Study: Virtual Reality Therapy Could Reduce Pain for Hospitalized Patients

April 6, 2017
Virtual reality therapy can be effective in significantly reducing pain for hospitalized patients, according to a new study conducted at Los Angeles-based Cedars-Sinai Medical Center.

Virtual reality therapy can be effective in significantly reducing pain for hospitalized patients, according to a new study conducted at Los Angeles-based Cedars-Sinai Medical Center.

In the study, published online by JMIR Mental Health, investigators examined 100 hospitalized patients who reported pain scores of greater than 3 on the Numeric Pain Rating Scale, which runs from 0 to 10.

For the study, 50 patients received virtual reality therapy consisting of wearing virtual reality (VR) goggles to watch calming video content such as helicopter rides over scenic portions of Iceland, or imagery of swimming in the ocean with whales. Those patients reported a 24 percent drop in pain scores after using the virtual reality goggles. Another 50 patients viewed a standard, two-dimensional nature video, depicting relaxing scenes with a calming music audio track, on a close-proximity screen. Although those patients also experienced a reduction in pain, the decrease of 13.2 percent was less dramatic, according to the research.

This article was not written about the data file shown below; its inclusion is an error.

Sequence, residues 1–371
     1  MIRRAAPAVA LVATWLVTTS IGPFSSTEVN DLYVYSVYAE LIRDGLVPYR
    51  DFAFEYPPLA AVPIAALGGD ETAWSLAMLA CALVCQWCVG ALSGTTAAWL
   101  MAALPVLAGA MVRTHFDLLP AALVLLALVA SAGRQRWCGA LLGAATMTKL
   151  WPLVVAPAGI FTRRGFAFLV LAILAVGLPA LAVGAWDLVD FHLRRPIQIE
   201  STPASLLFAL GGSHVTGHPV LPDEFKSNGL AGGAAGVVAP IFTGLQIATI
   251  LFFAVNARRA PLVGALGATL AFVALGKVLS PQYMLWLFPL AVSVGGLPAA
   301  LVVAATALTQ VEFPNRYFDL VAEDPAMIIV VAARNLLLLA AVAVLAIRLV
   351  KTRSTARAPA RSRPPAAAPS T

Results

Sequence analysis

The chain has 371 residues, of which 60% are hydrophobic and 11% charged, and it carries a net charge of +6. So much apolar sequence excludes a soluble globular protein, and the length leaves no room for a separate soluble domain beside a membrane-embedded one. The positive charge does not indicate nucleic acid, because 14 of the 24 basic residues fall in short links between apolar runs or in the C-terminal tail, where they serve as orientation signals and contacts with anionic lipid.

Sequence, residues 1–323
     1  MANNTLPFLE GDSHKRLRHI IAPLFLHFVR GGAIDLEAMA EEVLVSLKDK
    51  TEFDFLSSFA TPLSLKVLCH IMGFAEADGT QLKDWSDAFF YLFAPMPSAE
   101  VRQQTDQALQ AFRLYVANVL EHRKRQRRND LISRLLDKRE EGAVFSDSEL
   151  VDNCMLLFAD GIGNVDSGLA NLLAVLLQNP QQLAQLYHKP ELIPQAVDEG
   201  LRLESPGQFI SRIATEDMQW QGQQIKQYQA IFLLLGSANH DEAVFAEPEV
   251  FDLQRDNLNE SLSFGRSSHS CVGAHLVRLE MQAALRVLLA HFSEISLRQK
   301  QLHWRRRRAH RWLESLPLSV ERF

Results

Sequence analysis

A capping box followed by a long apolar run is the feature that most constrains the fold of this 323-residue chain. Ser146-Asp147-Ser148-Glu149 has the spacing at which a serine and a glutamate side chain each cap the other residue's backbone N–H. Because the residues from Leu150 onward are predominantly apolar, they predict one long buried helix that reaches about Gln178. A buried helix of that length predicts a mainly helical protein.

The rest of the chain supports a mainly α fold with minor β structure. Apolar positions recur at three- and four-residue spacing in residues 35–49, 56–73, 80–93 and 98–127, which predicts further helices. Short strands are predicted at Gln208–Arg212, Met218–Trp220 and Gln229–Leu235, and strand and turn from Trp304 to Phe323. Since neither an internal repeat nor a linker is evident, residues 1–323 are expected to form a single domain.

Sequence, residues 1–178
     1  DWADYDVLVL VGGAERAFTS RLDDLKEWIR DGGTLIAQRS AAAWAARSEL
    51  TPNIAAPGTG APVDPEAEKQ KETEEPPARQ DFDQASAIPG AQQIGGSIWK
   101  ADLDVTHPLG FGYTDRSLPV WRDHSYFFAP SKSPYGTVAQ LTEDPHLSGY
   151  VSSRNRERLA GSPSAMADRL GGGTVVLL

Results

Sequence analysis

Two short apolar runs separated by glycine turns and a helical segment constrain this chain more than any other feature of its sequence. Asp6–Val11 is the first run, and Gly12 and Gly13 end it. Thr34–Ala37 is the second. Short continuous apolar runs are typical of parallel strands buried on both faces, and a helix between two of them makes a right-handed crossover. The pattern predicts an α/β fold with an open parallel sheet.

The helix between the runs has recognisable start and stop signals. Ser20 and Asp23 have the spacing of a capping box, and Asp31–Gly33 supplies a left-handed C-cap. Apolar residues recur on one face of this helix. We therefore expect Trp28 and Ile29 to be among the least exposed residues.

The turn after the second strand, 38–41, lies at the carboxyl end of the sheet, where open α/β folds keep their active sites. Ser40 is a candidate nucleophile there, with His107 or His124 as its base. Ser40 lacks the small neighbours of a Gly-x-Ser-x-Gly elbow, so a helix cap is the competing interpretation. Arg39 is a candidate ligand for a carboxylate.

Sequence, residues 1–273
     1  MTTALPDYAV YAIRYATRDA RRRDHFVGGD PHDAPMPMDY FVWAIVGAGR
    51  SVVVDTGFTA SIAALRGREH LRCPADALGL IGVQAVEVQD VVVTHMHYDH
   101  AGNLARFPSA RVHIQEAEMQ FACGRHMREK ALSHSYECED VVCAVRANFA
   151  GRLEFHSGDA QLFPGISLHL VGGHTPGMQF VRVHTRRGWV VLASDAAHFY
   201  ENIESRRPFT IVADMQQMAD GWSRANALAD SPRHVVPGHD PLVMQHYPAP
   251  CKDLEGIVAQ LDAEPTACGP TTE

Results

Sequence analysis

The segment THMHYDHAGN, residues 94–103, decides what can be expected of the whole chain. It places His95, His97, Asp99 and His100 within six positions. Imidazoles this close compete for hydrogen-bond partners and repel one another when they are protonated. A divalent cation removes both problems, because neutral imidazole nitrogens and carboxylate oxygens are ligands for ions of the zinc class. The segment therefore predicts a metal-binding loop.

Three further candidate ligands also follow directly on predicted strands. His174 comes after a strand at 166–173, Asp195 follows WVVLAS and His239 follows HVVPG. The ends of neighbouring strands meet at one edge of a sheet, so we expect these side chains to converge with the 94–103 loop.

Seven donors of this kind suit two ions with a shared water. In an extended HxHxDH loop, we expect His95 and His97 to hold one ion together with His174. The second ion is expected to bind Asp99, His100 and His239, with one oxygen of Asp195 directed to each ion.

“Results indicate virtual reality may be an effective tool along with traditional pain management protocols," said Brennan Spiegel, M.D., director of Cedars-Sinai Health Services Research. "This gives doctors and patients more options than medication alone." While it remains unknown exactly how VR works to reduce pain, Spiegel attributed the benefit to what he called "immersive distraction." In other words, when the mind is deeply engaged in an immersive experience, it becomes difficult, if not impossible, to perceive other stimuli, including pain.

Because the VR intervention was only 15 minutes long and included only one visualization, it is possible that pain could rebound after completion of the therapy session, Spiegel said. Longer-term pain reduction might require sustained and repeated exposure to varied virtual reality content, he said. "Based on this study, we're now conducting a larger trial to measure the impact of virtual reality on the use of pain medications, length of hospital stay and post-discharge satisfaction scores," Spiegel said.

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